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Education News

How One Pasadena High School Welcomes New Freshman

Volunteers visited the homes of more than 700 new ninth graders.



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Robert Stock and Vanessa Reyes, both school principals in Pasadena school district, take a selfie photo with a new ninth grader, Luis Olvera. Recently volunteers knocked on the doors of hundreds of students to welcome them to Sam Rayburn High and find out how the school can help parents be more involved in their children’s education.


It’s a hot Saturday morning at a large apartment complex in Pasadena.

Robert Stock, the principal of Sam Rayburn High School, is dressed in jeans and a T-shirt. He’s on a mission to meet some of his newest students. So he’s knocking on doors.

With him is Vanessa Reyes, another school administrator.

They want new high school students off to a great start. They’re part of a team of volunteers visiting the homes of more than 700 new ninth graders.

Their goal: welcome the entire freshmen class to high school and meet their parents.

Students like Edwin Sanchez.

Stock talks with him in the doorway outside his apartment.

“Hey, Edwin! We’re just going around welcoming everybody. We’re excited to have you and we want to make sure you feel a part and if there’s anything you need…”

Edwin’s dad Bartolo Sanchez comes to the door.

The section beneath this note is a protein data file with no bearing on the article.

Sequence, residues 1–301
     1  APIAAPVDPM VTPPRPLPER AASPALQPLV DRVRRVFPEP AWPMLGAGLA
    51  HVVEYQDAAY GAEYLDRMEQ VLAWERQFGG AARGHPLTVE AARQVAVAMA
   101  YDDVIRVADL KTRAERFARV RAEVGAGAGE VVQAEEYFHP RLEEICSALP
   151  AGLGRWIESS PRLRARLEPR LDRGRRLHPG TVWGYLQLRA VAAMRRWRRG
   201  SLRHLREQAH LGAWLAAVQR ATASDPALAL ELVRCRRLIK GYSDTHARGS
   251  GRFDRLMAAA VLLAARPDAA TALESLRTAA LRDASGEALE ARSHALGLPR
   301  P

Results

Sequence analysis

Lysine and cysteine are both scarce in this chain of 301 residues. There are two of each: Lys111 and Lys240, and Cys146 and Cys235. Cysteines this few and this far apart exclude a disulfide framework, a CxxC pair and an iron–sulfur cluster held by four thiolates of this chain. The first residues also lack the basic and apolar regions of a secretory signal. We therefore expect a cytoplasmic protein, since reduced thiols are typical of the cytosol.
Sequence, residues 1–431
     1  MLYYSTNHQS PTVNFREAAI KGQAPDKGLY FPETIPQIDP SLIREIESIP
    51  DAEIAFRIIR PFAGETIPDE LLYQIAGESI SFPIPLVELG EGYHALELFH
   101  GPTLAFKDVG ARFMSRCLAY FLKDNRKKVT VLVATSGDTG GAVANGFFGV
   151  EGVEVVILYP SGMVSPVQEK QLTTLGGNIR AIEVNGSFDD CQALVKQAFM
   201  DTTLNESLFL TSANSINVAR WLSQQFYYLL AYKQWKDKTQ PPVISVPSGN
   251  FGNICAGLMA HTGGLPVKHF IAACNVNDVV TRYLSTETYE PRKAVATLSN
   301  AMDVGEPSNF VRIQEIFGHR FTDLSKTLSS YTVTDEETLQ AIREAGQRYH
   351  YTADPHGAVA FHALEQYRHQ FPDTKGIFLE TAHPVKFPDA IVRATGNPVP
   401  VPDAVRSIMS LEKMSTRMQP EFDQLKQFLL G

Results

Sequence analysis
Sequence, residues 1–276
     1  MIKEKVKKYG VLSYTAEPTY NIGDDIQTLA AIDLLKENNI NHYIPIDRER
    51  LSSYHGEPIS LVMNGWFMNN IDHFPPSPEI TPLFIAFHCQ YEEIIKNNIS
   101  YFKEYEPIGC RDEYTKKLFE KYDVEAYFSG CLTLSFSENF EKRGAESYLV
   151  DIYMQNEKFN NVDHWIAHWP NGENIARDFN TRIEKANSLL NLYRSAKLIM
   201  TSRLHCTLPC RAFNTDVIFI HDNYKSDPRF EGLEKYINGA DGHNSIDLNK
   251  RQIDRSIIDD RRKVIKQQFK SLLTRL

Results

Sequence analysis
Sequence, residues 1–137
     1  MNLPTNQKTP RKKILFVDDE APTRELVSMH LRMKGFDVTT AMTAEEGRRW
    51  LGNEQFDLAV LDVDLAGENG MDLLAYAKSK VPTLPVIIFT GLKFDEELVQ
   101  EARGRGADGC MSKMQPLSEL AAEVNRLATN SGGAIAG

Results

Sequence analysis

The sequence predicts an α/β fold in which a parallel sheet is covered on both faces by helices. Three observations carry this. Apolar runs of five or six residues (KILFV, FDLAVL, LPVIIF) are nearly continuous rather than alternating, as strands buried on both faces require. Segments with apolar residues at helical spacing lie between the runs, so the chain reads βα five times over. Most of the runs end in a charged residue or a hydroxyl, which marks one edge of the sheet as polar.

“Hola señor! Yo soy Vanessa Reyes — Mucho gusto!”

They step inside and chat in Spanish around the kitchen table.

Reyes explains the school wants to help Edwin go to college. She asks his dad in Spanish what the school can do to help him better support his son’s education.

“Usted que necesita…?”

Sanchez says he’d like more information about how Edwin’s doing.

His dream is for Edwin to go to college so he doesn’t have to work like he does. Sanchez is a carpenter. His son’s interested in engineering.

As they continue visiting homes, Reyes says she wanted to try a more personal approach for back to school.

“The most important piece isn’t the walk itself but the relationships you build by doing it.”

On this trip, already some parents feel more connected to the school like Maria Morúa.

“So for this to happen it touches a lot of parents. It teaches them like, ‘What! The school is over here. Because that’s how I am right now. He’s like that too!’”

Morúa wants her son Steven to graduate and not drop out like his older brother.

During these visits, the school leaders learn what specific issues families are facing: language barriers, work schedules, medical issues.

“When you see the challenges that parents face, I saw some themes as far as parents wanting better for their children, in regards to a better job, a better life,” Reyes said.

As they head back to campus, they’re thinking of how to grow these new relationships.

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